Written by Penelope Seagrave, Human Factors M.S. 2019
I work full-time as an Engineer at Cognex and am also a part–time graduate student. This semester, I’m enrolled in two evening classes at Tufts as I work on my masters in Human Factors Engineering. I thoroughly enjoy these courses, and find the assignments interesting and worth the precious time that I forfeit to work on them on Saturdays and Sundays. Occasionally, I may work through lunch on an assignment, but typically I am able to manage by finishing assignments exclusively over the weekend. Weekends are now my productive time. Honestly, it’s encouraged me to be more responsible and disciplined in my life overall. While it does mean that I spend more Friday or Saturday nights at home, I’ve come to realize that having an entire weekend day full of productivity is a truly fulfilling experience, and worth the potential FOMO. Working on a Sunday makes me feel like a responsible adult.
While I could choose to do homework assignments in the evenings during the workweek, I find myself extra inclined towards procrastination after I’ve spent the whole day working already. So, for me, it’s easier to plan to devote a weekend day. During the week, I prepare by reading over the assignments and getting a solid sense of the expectations so I can predict how long I will need to complete it, and then I save the work for the weekend.
There are some projects that are better broken down into steps over the course of many days. This goes for studying too. Especially for design courses that encourage an iterative process, I tend to work on my assignments after work and sometimes during my lunch breaks. This allows me to space the time better and also solicit feedback from my coworkers, which I have found to be an incredibly helpful and unexpected bonus.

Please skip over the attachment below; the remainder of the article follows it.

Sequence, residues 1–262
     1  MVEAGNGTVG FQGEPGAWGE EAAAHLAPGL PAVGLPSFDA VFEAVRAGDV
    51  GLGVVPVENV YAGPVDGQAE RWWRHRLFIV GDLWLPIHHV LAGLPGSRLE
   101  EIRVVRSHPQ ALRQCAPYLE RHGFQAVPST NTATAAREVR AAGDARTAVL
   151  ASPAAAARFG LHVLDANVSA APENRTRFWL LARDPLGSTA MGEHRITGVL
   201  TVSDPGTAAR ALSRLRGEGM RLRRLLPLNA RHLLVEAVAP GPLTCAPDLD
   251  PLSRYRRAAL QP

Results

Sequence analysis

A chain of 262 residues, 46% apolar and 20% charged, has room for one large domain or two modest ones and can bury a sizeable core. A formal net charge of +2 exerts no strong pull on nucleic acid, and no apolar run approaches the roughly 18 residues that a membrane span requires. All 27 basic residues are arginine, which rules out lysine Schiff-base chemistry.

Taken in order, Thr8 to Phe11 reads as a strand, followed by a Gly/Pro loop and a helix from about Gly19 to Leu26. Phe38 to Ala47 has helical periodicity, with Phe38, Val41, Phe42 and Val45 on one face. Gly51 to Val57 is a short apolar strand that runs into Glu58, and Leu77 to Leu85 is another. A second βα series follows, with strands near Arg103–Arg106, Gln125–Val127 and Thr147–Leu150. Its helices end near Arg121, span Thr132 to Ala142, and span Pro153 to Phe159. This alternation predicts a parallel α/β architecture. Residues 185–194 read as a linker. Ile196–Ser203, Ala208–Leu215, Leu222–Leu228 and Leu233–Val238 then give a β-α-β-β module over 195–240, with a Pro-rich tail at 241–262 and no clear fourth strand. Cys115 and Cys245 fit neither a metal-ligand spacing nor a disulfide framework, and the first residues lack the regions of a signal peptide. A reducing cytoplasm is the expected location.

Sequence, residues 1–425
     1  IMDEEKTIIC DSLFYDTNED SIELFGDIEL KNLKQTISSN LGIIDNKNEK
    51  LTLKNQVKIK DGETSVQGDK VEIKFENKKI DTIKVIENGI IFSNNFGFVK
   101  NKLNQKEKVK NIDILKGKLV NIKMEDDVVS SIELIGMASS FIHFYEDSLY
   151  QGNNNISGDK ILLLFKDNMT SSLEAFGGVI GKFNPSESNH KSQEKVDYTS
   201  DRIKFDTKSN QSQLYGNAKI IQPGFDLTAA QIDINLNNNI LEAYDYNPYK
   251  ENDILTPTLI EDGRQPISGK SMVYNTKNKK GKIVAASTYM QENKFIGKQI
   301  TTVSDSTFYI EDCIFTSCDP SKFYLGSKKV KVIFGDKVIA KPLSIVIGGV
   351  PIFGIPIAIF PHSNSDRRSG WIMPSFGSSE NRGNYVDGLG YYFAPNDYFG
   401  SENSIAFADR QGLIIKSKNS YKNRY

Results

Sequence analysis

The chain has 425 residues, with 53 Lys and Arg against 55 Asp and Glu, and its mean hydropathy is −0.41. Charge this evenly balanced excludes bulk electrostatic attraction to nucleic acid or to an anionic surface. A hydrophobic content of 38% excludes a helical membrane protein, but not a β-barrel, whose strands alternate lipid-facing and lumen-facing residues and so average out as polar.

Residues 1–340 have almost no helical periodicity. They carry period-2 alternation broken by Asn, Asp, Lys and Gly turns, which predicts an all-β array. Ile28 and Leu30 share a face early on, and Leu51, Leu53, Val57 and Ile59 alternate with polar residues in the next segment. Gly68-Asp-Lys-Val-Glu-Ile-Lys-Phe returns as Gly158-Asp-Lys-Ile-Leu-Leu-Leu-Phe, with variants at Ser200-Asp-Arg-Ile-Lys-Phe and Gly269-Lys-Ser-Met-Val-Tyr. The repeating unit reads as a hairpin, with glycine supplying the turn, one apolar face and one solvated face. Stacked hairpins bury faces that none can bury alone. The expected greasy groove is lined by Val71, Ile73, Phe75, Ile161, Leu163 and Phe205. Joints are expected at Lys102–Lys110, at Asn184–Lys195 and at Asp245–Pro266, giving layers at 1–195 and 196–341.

So far, I have been able to manage working full time while in graduate school very smoothly. And the best part is that I have an income while in school. If you are considering this option, check to see if your company offers tuition reimbursement. Having money coming in while I’m in school is fabulous. There is no way I could go back to my old college days of ramen noodles.
I will say that the consequences of being a part-time student are felt primarily in the length of time it takes to complete the program. For example, if I were a full-time student, I could have graduated in two semesters. Now I’m completing my fourth semester and looking forward to my final full semester in the fall, with a one-course summer session in between.
But the upside is that I get to be a Tufts student for a longer period of time. I love being a Jumbo! And because I’ve been attending classes here for so long, I feel it has a stronger place in my identity. I am really proud to be studying at Tufts.